Monday, March 2, 2009

Once there lived a franky grotesque princess

The inaccuracy of fairy tales has been bothering me of late. Take your average story, aimed at an audience primarily consisting of 6 year old girls in pink trainers. A beautiful princess is miss-treated, probably by an evil step-mother, but who overcomes all the odds to marry a handsome prince and be born away to a life of wedded bliss.

Firstly, we must ask ourselves, is this girl really likely to be attractive? In such stories, the very mention of a crown basks the owner in an unobtainable ethereal light. In fact, their uncommon beauty is a common way of identifying such royal members, even when they are undercover. The reality however, is that royalty means this wench comes from an interbred, incestuous litter rife with inherited diseases and probably considerably too few grandparents for a healthy gene pool. This can hardly be the way to produce stunning good looks. Stunted looks and retardation are far more likely, which is probably how such individuals are really identified while in hiding.

This child's grotesquely bad looks are far more likely to be the reason why her step-mother (also probably one of her cousins), despite being hideously ugly herself, decides that the girl has to go. Probably it is a cost-saving measure to reduce the number of steam-cleans the castle carpets need after the servants vomit from seeing the girl first thing in the morning.

Cast out into the wilderness (and basing the details on a popular Disney-made franchise), the only place where this vilely deformed child can find shelter is in the household of 7 vertically challenged men, whose diminutive stature enables them to avoid the full frontal of the girl's cross-eyes stare.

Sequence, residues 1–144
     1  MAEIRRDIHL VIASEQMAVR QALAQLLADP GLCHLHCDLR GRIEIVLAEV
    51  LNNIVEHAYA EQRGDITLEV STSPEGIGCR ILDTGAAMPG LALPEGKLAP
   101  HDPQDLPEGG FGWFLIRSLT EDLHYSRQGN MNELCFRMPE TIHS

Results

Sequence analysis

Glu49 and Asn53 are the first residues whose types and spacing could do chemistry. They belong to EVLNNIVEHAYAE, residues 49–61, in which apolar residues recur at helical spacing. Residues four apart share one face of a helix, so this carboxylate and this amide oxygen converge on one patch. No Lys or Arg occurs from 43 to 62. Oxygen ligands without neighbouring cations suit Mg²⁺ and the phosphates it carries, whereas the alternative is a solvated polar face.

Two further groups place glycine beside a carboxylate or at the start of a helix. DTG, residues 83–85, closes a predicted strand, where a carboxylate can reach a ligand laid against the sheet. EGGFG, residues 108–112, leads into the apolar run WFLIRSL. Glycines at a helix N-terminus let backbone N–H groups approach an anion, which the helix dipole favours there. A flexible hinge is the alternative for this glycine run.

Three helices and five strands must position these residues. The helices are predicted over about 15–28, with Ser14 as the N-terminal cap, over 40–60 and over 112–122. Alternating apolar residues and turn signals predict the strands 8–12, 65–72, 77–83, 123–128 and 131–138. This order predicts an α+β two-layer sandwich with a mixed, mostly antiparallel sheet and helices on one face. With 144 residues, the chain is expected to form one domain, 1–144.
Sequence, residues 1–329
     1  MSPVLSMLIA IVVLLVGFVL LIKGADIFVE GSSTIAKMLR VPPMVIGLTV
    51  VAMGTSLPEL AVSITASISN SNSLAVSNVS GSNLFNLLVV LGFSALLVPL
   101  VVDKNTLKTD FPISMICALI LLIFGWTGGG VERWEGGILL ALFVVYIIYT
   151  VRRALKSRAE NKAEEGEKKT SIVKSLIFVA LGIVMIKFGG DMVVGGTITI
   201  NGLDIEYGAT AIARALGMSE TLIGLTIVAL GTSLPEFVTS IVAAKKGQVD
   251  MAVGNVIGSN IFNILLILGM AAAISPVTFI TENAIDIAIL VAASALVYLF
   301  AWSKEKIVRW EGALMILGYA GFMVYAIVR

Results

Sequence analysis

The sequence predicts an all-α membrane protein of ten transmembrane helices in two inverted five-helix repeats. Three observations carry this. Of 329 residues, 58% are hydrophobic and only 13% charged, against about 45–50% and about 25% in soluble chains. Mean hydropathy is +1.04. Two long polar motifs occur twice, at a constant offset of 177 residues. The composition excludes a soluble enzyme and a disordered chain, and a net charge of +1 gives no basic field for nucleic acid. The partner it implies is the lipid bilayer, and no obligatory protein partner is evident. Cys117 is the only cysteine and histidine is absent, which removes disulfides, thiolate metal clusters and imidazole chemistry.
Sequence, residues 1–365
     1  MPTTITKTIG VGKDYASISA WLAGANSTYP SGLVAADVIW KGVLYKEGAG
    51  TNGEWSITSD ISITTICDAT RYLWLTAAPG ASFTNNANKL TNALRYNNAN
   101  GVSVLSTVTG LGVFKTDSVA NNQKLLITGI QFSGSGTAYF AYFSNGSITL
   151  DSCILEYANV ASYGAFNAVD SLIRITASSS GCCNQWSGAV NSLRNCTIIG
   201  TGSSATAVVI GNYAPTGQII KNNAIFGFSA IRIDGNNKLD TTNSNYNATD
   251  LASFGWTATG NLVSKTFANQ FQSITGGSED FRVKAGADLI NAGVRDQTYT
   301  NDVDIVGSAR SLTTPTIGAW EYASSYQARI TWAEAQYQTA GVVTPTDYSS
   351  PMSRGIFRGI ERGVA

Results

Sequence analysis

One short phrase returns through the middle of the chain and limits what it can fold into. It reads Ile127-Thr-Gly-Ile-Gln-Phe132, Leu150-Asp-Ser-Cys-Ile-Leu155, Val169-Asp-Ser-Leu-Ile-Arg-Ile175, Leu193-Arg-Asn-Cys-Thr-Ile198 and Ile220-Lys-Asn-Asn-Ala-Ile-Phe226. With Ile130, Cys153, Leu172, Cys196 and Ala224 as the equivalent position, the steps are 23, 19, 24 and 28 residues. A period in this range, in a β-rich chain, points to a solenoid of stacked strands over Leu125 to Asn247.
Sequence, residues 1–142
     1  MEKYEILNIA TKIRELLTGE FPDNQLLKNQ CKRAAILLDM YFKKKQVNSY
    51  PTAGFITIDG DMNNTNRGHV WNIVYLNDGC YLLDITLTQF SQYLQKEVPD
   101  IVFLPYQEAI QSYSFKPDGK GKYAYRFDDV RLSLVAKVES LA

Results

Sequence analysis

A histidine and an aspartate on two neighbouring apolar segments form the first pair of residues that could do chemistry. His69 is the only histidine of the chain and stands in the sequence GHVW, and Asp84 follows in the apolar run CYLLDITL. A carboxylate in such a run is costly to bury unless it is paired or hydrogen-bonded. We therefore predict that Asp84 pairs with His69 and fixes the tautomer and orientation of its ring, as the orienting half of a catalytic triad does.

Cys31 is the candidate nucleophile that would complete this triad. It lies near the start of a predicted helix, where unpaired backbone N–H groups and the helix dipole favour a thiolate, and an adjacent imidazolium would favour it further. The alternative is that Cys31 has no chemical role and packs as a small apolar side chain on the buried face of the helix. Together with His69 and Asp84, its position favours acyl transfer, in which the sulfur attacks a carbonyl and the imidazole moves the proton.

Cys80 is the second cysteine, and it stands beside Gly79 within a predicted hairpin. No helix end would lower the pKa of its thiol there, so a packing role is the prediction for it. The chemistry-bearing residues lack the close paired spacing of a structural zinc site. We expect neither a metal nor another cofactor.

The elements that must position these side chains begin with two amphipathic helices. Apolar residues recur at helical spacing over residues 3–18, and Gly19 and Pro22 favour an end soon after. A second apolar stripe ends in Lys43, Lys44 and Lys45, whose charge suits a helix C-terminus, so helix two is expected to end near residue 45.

Being severely mentally challenged, the revolting girl draws attention to her whereabouts through her warbling singing and the stampede of wildlife that charges in to see what has destroyed their home. Her stupidity is only matched by that of her step-mother/cousin who tricks her into an enchanted sleep, rather than decapitating her deformed head.

Placed in a glass coffin as a popular horror show item, our beastly little girl is awoken by a handsome prince (but no doubt actually suffering from similar aesthetic issues) and carried away for a life of bliss.

Apart from the obvious fact this has done nothing to improve the gene pool, this benighted child is a princess. This doesn't just mean her atrocious ugliness has to be politically denoted charming, it means she's the heiress to a kingdom. She can't just ride off to a neighbouring land! She has responsibilities. Additionally, what was a prince doing there to begin with? You can't just stroll through another country as the heir apparent for a rival land. The only two options are that he was actually heading an army poised for invasion, in which case our said princess was less of a bride than a prisoner of war, or he was her brother. Given what we've already seen, either seem quite likely.

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